Jim Rickards, author of the best-seller Currency Wars, sees the world's central banks embroiled in a "race to debase" their currencies in order to restore – at any cost – growth to their weakened economies.
In the midst of the fight, the U.S. Federal Reserve wields oversized
power due to the dollar's unique position as the global reserve
currency. As a result, actions by the Fed create huge percussive ripples
across the battlefield, often influencing events in ways little
understood by the players – and especially by the Fed itself.
In Rickards' words, the policymakers at the Fed "think they are
dialing a thermostat up and down, but they're actually playing with a
nuclear reactor – and they could melt the whole thing down": It will play out in all markets. When I say collapse, it is a loss of confidence in paper money.
Take the Fed, for example. The Fed has printed almost $3 trillion
since 2007. Now, that is without a liquidity crisis. I mean, we did have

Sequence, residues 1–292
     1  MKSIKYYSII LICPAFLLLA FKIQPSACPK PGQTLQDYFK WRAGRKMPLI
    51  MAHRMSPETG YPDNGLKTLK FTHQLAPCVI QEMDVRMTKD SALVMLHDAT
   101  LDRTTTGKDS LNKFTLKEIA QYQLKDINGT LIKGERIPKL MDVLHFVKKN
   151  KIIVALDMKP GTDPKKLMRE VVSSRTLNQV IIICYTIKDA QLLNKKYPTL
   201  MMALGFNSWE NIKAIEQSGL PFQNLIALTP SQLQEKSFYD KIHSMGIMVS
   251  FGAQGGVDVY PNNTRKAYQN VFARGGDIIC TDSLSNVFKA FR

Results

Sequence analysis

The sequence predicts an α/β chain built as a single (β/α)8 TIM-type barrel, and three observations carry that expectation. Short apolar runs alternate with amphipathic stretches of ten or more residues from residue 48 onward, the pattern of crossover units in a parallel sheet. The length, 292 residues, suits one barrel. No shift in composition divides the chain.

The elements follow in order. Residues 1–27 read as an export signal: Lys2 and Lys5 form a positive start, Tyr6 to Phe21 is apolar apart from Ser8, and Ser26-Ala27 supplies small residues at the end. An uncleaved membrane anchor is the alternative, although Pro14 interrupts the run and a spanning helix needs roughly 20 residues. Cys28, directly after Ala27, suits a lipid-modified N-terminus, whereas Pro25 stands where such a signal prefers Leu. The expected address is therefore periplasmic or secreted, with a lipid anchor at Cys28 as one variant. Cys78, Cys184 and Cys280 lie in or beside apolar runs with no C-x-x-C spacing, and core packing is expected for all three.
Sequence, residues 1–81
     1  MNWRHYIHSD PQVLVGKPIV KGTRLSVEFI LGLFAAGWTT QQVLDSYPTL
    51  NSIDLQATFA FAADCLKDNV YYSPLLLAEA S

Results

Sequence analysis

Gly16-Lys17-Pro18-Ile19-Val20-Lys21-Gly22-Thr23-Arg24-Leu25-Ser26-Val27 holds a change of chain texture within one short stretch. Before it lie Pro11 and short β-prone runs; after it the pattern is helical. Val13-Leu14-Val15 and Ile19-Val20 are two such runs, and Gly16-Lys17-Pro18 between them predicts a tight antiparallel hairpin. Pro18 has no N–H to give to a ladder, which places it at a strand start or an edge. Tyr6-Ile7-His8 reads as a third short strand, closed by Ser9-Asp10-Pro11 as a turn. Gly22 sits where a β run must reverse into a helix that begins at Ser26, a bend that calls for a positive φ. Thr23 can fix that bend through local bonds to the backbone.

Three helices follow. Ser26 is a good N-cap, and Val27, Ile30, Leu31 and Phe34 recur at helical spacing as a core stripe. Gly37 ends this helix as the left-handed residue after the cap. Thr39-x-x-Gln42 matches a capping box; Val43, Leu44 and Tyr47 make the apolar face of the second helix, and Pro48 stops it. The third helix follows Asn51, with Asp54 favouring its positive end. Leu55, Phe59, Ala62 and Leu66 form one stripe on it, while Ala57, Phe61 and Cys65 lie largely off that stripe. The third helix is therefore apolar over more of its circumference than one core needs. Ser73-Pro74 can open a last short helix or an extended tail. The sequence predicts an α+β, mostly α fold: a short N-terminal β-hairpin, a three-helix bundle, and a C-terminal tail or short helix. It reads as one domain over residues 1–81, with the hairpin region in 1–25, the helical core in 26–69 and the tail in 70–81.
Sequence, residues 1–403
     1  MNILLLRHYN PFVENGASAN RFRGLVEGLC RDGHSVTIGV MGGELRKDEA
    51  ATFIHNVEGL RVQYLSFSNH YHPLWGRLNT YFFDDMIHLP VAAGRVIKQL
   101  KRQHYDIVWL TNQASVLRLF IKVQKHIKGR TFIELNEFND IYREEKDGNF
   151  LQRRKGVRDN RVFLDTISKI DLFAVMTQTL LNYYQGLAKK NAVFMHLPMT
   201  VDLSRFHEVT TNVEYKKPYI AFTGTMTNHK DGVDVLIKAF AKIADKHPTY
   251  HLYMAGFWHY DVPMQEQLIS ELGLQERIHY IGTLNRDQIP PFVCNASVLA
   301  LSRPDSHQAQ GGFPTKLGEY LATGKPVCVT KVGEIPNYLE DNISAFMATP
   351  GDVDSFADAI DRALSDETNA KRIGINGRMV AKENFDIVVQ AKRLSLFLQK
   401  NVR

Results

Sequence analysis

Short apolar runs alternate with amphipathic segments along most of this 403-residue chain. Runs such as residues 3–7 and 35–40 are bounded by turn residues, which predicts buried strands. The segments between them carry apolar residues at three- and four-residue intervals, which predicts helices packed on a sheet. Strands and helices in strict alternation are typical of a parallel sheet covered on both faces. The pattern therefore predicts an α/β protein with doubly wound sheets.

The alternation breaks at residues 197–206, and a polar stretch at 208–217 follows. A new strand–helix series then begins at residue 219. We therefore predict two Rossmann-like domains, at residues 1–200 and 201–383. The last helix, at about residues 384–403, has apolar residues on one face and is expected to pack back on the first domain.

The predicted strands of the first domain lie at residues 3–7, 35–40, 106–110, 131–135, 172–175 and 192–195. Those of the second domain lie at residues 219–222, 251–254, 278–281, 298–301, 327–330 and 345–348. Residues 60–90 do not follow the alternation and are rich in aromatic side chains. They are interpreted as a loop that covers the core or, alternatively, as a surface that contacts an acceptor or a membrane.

a liquidity crisis in 2008. And the first round – I would say QE1 was a
legitimate central-bank response to liquidity crisis. But QE2 and QE3:
we will look back over them and we will see them as enormous blunders in
one of the greatest failed experiments in economic history.
But the problem is, the Fed printed trillions of dollars without a
liquidity crisis. What is going to happen when we do have a liquidity
crisis, which I expect in the next couple years, where there is a 2008
panic starting again? What are they going to do? Print $6 trillion? $9
trillion? There is a limit on what they can do. And so at some point, it
is going to get handed over to the IMF, and they are going to have to
print SDRs (special drawing rights). That is the IMF world money.
Because none of the central banks have clean balance sheets at this
point; they look like hedge funds.
And so it really is a loss of confidence. Confidence is the key word – a loss of confidence in paper money